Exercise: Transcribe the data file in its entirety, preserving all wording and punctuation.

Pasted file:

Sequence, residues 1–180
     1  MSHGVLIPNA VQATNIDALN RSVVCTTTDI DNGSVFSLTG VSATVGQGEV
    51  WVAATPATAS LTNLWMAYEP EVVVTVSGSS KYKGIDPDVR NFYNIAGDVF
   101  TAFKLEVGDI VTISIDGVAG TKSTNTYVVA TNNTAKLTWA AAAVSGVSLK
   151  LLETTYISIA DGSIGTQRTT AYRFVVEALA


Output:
Sequence, residues 1–180
     1  MSHGVLIPNA VQATNIDALN RSVVCTTTDI DNGSVFSLTG VSATVGQGEV
    51  WVAATPATAS LTNLWMAYEP EVVVTVSGSS KYKGIDPDVR NFYNIAGDVF
   101  TAFKLEVGDI VTISIDGVAG TKSTNTYVVA TNNTAKLTWA AAAVSGVSLK
   151  LLETTYISIA DGSIGTQRTT AYRFVVEALA